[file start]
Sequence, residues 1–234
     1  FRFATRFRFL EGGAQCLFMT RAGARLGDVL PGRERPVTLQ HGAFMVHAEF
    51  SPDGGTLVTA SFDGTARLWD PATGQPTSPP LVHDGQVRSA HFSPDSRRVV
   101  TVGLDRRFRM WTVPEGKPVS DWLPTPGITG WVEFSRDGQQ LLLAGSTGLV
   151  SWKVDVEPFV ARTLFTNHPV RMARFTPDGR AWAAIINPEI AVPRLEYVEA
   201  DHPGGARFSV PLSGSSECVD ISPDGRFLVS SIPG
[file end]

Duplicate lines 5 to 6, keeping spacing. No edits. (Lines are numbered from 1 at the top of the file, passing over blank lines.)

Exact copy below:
   151  SWKVDVEPFV ARTLFTNHPV RMARFTPDGR AWAAIINPEI AVPRLEYVEA
   201  DHPGGARFSV PLSGSSECVD ISPDGRFLVS SIPG